The federal government De Croo I
After almost 500 days of searching, testing and experimenting with all the colours of the rainbow, the 4-coloured Vivaldi coalition was the ultimate winner and swore an oath in front of the Belgian King at the Royal Palace on 1 October 2020. No less than 7 political parties are involved in the new government coalition, which has a comfortable majority of 87 seats (out of 150).
A new government lead by Alexander De Croo of the Flemish liberal Open VLD may seem surprising at first sight. After all, in the elections of May 2019, the Open VLD was only 7th in terms of number of votes obtained. By bringing forward a Prime Minister, the party does indeed seem to be punching above its weight. However, after three governments with a French-speaking prime minister and four Flemish parties in the federal government that together do not even represent the majority of the Flemish electorate, a Flemish prime minister was unavoidable.
In the context of a serious health crisis and the severe economic downturn, the coalition agreement can be considered ambitious. Significant investments are being made in the economy and in social prosperity and the government is no less ambitious in terms of energy transition and its climate policy.
Despite the sluggish economy and the rising budget deficit, the government announced that it will invest 5.3 billion in new policies, including 1 billion in public investment, 1 billion in temporary measures and 3.3 billion in structural measures.
To finance all this, several options are being explored including a digital tax on internet companies, a fixed minimum tax on multinationals, or some kind of crisis tax which will have to be borne by the so-called ‘strongest’ links, and finally – you guessed it – tougher measures on fiscal fraud.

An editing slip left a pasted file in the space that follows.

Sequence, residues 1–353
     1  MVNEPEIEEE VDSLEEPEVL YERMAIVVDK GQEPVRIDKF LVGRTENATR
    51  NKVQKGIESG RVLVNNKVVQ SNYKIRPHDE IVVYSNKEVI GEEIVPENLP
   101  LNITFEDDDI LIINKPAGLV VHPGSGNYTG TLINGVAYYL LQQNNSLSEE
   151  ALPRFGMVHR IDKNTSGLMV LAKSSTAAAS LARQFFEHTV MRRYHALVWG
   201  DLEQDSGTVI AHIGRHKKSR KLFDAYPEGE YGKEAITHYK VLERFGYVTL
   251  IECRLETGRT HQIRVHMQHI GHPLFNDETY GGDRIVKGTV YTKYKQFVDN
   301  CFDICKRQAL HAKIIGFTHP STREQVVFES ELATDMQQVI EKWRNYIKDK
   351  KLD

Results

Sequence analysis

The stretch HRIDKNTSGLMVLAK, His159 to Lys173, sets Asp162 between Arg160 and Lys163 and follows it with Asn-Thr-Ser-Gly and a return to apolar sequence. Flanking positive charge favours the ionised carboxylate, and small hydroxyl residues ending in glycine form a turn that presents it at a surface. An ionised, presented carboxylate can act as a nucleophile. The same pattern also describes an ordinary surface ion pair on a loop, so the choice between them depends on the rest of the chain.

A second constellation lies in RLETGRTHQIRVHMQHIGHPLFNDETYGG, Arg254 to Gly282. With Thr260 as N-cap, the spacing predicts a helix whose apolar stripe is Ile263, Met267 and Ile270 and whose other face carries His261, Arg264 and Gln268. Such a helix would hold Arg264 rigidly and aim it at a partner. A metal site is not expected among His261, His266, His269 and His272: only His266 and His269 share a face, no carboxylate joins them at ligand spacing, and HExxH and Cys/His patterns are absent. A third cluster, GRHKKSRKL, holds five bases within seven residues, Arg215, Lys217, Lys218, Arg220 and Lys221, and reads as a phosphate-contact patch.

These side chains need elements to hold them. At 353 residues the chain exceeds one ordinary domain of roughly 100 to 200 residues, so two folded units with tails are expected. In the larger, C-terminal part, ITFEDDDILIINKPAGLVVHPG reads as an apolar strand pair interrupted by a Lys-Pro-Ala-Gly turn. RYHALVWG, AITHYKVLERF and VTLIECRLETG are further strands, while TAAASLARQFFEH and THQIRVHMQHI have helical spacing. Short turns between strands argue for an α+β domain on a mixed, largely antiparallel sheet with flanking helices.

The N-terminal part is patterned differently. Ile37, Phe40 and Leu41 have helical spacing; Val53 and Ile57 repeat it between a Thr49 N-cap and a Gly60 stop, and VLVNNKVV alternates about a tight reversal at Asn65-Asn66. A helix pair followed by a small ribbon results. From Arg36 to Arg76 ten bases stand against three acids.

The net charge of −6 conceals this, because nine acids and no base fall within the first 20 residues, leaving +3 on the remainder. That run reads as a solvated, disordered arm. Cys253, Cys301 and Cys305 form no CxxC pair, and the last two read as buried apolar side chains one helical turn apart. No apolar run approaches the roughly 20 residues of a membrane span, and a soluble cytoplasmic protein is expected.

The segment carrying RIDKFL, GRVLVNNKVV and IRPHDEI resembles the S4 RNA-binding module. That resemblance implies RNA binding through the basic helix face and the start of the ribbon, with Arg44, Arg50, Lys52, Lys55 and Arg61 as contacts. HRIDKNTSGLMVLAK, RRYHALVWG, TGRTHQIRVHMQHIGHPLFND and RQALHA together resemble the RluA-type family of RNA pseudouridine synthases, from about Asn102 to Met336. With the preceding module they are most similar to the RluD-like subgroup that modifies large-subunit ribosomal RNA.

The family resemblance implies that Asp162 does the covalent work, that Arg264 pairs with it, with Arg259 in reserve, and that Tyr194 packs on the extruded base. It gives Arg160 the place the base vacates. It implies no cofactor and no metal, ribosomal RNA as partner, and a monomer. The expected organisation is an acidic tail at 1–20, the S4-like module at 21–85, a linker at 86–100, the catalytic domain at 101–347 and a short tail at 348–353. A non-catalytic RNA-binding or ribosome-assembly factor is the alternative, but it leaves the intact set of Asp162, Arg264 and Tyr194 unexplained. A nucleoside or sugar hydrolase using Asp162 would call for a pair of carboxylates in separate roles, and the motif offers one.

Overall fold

As you can see, the legendary ‘voluntarism’ that marked the purple-green Verhofstadt I government has made a complete come back. However, while optimism is a moral duty, it is better to err on the side of caution. After all, the government will face many challenges and obstacles until the end of its term in 2023. Let us consider some of the most important ones:
What can go wrong?
- An empty treasury. The COVID-19 crisis is taking its toll both on human lives and on the country’s budget. We are heading towards a significant public deficit. This precarious budget situation will haunt the coalition for the next months and years.
- Challenging compromises. The text of the coalition agreement is often deliberately vague and open to interpretation. At some point, however, vague statements will have to be translated into concrete policies … and asking for comprises across 7 different parties with 4 different ideologies will prove to be a difficult balancing act.
- Vulnerable Flemish flank. The four Flemish parties that have joined the federal government do not represent half of the Flemish voters. This means that the opposition will keep them under close scrutiny and regular crossfire.
Why will it work?
- Sense of responsibility. Despite the undeniable ideological differences, the seven parties have been united by a common sense of responsibility to deal with the current health and economic crisis.
- Fear for elections. A number of (Flemish) parties are afraid of new elections. After some parties’ disastrous election results in 2019, collaborating within this government is a ‘last chance’ to turn the tide and win back some of their voters. Failure is not an option.
- Good cast. Perhaps the most important reason that this multi-coloured coalition will survive despite all its challenges, is the government’s cast. First of all, there is a new generation of new, fresh faces who are ready to disrupt the old-fashioned political style. They indeed wish to distance themselves from the politique politicienne which caused this 500-day political mayhem. Moreover, each party has been given policy responsibilities that are close to their core business. This will only strengthen the will to succeed. Here also failure is not an option.
The road will be long and bumpy, but Prime Minister Alexander De Croo’s colourful coalition of the willing is set for success. Vivaldi is moving forward, slowly but surely. Avanti… ma non troppo.
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